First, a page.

Ben Price, Commercial Real Estate Partner at DMH Stallard, sets out the main issues to consider to avoid substantial penalties. Ben comments:
“The penalties for breach of the Minimum Energy Efficiency Standards Regulations (often called the “MEES Regulations”) can be substantial, with the maximum penalty for non-domestic property being £150,000. A further penalty is the entry of details of the breach on a public register, causing potential reputational damage for Landlords”.
He advises all commercial Landlords to be aware of their obligations under MEES Regulations. It has been unlawful since 1 April 2018 for a Landlord to grant a lease of “sub-standard” commercial premises, unless an exemption applies, but the law is to be subject to a material extension on 1 April 2023.
“Sub-standard” currently means an “F” or “G” rating on an Energy Performance Certificate (“EPC”).
Time is not on the side of Landlords with sub-standard properties
On 1 April 2023, in just a few weeks, it will be unlawful for Landlords to continue to let sub-standard premises. This is an important extension to the law given that at present the trigger is the grant of a lease. Landlords who have granted leases well before 1 April 2018 may now face liability under these regulations if the property is sub-standard.
It is not always straightforward to assess whether, as a Landlord, you will be caught by these regulations. First, there must be an EPC for the regulations to “bite”, so it will be necessary to assess which properties in an investment portfolio have or should have EPCs, as there are exemptions for some buildings (for example, those without heating or air-conditioning).
Secondly, simply owning a building is not enough for an obligation to have an EPC to arise, as EPCs are only required, broadly speaking, on the sale or letting of property. Landlords will need to consider their transactions carefully to determine whether the requirement for an EPC has been triggered. The answer here is not always obvious, with, for example, assignments of leases being caught. It is also worth considering whether the current EPC for the Property has expired or has been invalidated by works carried out at the building.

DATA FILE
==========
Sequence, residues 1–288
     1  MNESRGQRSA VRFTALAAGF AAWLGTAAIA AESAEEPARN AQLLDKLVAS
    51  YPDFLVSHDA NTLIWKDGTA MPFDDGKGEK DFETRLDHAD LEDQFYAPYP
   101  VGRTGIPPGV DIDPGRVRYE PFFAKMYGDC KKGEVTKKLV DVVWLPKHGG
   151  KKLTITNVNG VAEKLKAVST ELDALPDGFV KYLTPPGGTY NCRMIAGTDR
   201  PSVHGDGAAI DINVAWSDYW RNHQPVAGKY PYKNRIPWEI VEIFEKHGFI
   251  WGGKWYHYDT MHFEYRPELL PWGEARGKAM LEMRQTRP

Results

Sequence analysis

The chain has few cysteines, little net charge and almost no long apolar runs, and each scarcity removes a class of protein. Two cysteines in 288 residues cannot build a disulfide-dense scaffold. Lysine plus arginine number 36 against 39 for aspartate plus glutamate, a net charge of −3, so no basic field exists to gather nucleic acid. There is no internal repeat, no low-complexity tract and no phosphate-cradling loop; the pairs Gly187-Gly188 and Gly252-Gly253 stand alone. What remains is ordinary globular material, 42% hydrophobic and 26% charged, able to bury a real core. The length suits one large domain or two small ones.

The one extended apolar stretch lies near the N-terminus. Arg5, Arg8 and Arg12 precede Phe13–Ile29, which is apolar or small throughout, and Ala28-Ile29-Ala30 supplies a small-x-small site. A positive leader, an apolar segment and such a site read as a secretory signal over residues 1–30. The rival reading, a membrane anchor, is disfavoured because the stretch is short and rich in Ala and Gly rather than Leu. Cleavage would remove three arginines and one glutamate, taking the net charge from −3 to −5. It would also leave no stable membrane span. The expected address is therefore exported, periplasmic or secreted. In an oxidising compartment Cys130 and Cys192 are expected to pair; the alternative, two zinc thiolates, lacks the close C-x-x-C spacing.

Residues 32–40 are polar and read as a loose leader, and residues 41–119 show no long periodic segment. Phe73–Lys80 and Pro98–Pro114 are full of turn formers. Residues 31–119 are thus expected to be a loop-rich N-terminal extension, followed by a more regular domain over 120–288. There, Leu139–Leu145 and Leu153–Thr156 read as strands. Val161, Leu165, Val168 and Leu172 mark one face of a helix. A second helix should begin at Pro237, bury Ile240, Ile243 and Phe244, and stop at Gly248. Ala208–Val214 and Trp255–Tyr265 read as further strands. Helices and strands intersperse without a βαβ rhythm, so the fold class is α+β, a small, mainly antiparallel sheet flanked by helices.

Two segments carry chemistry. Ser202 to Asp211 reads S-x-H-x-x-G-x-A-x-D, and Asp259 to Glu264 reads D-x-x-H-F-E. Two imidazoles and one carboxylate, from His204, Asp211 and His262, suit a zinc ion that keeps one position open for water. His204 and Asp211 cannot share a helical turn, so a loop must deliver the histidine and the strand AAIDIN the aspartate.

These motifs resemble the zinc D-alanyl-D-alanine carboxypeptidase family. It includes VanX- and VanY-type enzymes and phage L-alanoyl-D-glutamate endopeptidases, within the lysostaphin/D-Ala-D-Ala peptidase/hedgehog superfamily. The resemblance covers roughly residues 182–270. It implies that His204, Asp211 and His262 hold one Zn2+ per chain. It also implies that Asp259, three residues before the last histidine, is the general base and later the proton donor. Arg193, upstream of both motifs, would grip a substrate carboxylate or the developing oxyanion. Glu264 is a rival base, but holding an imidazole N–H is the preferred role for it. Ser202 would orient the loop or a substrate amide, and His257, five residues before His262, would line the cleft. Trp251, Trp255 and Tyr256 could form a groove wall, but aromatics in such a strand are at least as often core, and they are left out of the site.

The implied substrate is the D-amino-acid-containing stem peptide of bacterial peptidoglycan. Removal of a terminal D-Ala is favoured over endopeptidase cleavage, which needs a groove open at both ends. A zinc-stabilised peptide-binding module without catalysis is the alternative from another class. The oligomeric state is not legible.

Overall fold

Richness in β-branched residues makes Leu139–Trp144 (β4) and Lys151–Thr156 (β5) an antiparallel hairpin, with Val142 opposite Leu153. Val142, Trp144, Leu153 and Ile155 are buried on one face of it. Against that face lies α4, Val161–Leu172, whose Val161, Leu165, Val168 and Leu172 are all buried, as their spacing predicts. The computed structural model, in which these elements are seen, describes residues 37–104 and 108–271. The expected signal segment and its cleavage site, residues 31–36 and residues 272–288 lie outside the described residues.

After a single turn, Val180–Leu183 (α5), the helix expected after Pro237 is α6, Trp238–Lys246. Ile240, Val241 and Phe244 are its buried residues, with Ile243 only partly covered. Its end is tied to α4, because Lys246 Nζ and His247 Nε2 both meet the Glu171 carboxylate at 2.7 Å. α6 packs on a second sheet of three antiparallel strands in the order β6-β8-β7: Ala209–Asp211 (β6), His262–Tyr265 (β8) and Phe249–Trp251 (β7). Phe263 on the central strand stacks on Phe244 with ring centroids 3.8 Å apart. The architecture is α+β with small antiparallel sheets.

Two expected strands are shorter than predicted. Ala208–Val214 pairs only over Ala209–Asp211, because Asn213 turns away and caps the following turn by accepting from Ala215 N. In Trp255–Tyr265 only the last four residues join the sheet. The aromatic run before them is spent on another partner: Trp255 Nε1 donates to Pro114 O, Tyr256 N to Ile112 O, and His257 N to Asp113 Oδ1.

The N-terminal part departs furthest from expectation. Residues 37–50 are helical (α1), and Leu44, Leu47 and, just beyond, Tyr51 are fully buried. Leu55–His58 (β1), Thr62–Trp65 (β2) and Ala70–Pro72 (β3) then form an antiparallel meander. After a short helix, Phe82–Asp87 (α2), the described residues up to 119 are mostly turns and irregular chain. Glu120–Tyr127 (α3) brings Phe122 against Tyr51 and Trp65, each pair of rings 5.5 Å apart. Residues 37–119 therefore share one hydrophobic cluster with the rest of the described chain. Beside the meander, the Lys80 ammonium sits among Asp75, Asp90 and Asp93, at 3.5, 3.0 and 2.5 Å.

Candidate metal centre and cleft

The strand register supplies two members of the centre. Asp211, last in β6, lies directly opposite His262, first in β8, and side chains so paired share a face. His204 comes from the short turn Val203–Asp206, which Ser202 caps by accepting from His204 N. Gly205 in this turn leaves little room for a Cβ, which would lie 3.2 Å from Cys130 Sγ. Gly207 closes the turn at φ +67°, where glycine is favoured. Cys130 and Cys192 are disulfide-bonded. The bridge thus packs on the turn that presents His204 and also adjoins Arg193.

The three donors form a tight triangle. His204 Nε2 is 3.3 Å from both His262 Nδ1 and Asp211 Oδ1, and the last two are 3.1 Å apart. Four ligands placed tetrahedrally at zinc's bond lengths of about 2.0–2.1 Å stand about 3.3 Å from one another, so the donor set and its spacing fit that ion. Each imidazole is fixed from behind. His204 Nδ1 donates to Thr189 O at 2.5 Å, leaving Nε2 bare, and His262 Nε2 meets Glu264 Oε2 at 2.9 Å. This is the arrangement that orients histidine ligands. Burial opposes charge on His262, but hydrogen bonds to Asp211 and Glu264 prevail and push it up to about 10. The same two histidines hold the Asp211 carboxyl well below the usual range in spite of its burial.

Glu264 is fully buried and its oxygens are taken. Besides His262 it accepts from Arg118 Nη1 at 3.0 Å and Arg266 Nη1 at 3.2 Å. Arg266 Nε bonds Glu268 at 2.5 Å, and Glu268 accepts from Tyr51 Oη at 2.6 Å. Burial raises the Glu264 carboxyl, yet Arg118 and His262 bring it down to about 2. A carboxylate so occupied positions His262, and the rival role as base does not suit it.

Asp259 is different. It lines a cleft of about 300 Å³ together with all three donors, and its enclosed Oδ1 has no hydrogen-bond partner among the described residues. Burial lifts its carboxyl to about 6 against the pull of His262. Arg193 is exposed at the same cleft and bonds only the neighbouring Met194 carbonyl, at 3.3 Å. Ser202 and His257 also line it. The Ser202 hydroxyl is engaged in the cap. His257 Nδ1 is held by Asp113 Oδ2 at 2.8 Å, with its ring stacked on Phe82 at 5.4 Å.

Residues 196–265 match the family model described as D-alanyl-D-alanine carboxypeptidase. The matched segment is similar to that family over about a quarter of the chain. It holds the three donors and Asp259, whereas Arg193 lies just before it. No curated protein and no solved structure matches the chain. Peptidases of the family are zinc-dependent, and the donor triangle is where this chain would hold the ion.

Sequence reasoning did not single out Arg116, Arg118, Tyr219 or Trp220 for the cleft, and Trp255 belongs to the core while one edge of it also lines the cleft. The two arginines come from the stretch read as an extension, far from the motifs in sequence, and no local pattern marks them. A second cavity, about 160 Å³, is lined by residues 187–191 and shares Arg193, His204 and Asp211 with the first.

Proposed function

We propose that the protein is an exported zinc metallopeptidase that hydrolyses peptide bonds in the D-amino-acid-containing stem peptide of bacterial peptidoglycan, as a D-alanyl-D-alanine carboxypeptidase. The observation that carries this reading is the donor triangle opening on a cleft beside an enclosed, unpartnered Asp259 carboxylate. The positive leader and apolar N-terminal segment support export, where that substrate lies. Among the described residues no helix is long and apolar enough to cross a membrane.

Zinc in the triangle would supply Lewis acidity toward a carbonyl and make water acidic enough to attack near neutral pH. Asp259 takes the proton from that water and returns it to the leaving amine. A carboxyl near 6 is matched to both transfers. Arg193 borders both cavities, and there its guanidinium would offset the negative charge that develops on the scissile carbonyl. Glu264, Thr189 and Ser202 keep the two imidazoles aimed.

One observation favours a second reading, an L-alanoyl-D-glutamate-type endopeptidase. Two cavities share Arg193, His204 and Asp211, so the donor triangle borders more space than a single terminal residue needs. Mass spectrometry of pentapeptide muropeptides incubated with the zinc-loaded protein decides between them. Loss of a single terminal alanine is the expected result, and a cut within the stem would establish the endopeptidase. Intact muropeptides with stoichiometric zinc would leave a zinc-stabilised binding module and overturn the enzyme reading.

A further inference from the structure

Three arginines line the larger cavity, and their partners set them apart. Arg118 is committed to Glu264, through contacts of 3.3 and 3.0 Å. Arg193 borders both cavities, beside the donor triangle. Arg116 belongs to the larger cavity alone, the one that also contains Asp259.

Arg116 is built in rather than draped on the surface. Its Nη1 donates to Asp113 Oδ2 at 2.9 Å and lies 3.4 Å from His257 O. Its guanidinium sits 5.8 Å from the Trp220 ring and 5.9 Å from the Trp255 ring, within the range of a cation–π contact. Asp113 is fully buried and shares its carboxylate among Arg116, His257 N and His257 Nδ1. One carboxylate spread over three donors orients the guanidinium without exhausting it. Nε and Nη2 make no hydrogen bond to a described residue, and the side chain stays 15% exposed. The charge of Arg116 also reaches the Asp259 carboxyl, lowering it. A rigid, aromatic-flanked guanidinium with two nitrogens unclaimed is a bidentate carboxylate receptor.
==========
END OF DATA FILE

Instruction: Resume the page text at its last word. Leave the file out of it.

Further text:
Lastly, even if an EPC is required for a particular building on a particular transaction and that EPC shows a sub-standard rating, the Landlord may be able to apply for an exemption, although a number of exemptions apply in fairly narrow circumstances (for example, in certain circumstances, where the relevant energy improvement works would devalue the Property) or are temporary in nature.
Tenants too will be interested in the regulations tightening. Most leases make Tenants liable for the cost of utilities consumed in their premises, whether directly or via a service charge type arrangement, and so Tenants will want to know about the energy efficiency of premises they are taking, not least given the enormous increases in energy costs that we are seeing. Even in the unusual circumstance where the Landlord charges a rent that includes energy costs, they are likely to assess that rent based upon the rising cost of providing utility services. Maintaining or improving the energy efficiency of a building so that it can be lawfully let represents an additional cost to Landlords. Tenants will therefore need to be mindful of the risk of the costs being passed on to them, either directly through their lease or indirectly via the service charge in a multi-tenanted building. Whether or not a Landlord is able to do this will depend on the wording of the lease in each case.
A government consultation looking at what the minimum energy efficiency rating should be for non-domestic buildings in 2030, in just seven years’ time, concluded that the target should be a “B” rating. A further consultation sought views on introducing a minimum “C” rating by 2027, in only four years.
The chart below shows that the threshold for sub-standard property being raised in such a way is likely to bring many more properties within the remit of the MEES Regulations, in a relatively short timescale.
Percentage of performace certificates lodged in 2022*
With more and more property being designated as sub-standard over the coming years, both Landlords and Tenants would do well to assess their current portfolios for energy efficiency and potential liabilities under the MEES Regulations as soon as possible.
Ben Price and his team at DMH Stallard handle all elements of commercial real estate work, acting for owners, occupiers and lenders across a range of sectors. Ben has a particular interest in property management and Landlord and tenant matters, handling high value and complex lease negotiations to secure the best possible outcomes for his clients.
For more information, please contact our Real Estate team.